The early effective schools programs and some state efforts emphasized basic skills learning. Many of these early initiatives are being redesigned to focus on higher-order thinking, problem solving, and an indepth curriculum. Some groups worry that basic factual knowledge will not be addressed or learned through these newer instructional approaches.

ILLUSTRATIVE CASES:

Hollibrook Elementary School, Houston, Texas

Central Park East High School, New York, New York

Audubon Elementary School, Baton Rouge, Louisiana

Illinois Mathematics and Science Academy (IMSA), Aurora, Illinois

CONTACTS:

The Accelerated Schools Project, CERAS 109, School of Education, Stanford University, Stanford, CA 94305-3084, (415) 725-1676. Contact: Beth Keller, assistant director of communications, e-mail: bkeller@leland.stanford.edu

Center for Research on Evaluation, Standards and Student Testing (CRESST), UCLA Graduate School of Education and Information Studies, 405 Hilgard Ave., 1320 Moore Hall, Mailbox 951522, Los Angeles, CA 90095-1522, 310- 206-1532, Fax: 310-825-3883, Contact: Ron Dietel, e-mail: ron@ucla.edu

Center on Families, Communities, Schools, and Children's Learning (two locations)

Institute for Responsive Education, 605 Commonwealth Ave., Boston, MA 02215, 617-353-3309, Fax: 617-353-8444, Contact: Don Davies, e-mail: dondav@bu.edu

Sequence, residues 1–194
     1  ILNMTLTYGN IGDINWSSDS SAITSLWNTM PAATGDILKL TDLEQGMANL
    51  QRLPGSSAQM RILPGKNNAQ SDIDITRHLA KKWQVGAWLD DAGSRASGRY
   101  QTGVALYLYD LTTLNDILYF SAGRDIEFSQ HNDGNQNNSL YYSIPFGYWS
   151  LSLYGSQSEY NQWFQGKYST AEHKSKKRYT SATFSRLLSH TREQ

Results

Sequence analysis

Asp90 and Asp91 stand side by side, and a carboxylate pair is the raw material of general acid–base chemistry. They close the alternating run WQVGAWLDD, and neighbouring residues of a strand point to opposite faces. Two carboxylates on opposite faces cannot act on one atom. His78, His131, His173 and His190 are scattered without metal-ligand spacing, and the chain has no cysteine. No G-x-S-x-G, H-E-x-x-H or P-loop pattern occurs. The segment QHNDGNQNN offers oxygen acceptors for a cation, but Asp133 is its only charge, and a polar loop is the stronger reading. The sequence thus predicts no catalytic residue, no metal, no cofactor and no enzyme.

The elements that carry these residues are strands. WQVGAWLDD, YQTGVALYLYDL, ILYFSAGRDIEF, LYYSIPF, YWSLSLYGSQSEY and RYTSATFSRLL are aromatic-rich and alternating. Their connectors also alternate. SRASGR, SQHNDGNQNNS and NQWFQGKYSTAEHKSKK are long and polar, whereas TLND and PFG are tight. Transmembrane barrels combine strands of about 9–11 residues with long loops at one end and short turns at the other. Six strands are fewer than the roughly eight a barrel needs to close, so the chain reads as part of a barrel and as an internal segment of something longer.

OR

Johns Hopkins University, 3505 N. Charles St., Baltimore, MD 21218, 410-516-8800, Fax: 410-516-8890, Contact: Joyce L. Epstein (e-mail: jepstein@inet.ed.gov) or Dianne Diggs

Coalition for Essential Schools, Dr. Ted Sizer, Director, Box 1938, Brown University, Providence, RI 02912, 401-863-2847.

School Development Program, Yale Child Study Center, 230 South Frontage Rd., Box 3333, New Haven, CT 06510, 203-785-2548 Contact: Cynthia Savo.
WWW Site: http://info.med.yale.edu/comer

National Center for Research on Cultural Diversity and Second Language Learning, Center for Applied Linguistics, 1118 22nd St. NW, Washington, DC 20037, 202-429-9292, e-mail: ncrcdsll@cal.org, WWW Site: http://www.cal.org/crede/

National Research Center on Student Learning (NRCSL), Learning Research and Development Center, University of Pittsburgh, 3939 O'Hara Street, Pittsburgh, PA 15260, 412-624-7020, Fax: 412-624-9149, Contact: Kate Maloy, e-mail: katem@lrdc3.lrdc.pitt.edu
WWW Site: http://www.lrdc.pitt.edu

North Central Regional Educational Laboratory, 1120 Diehl Road, Suite 200, Naperville, IL 60563-1486, (800) 356-2735 or (630) 649-6500, fax (630) 649-7600.

Ontario Institute for Studies in Education, Centre for Leadership Development, 252 Bloor Street W., Toronto, Ontario, Canada, M5S IV6, 416-923-6641, Contact: K. Leithwood, e-mail: kleithwood@oise.on.ca

References


This Critical Issue summary was researched and written by Kent Peterson, University of Wisconsin-Madison.

Date posted: 1995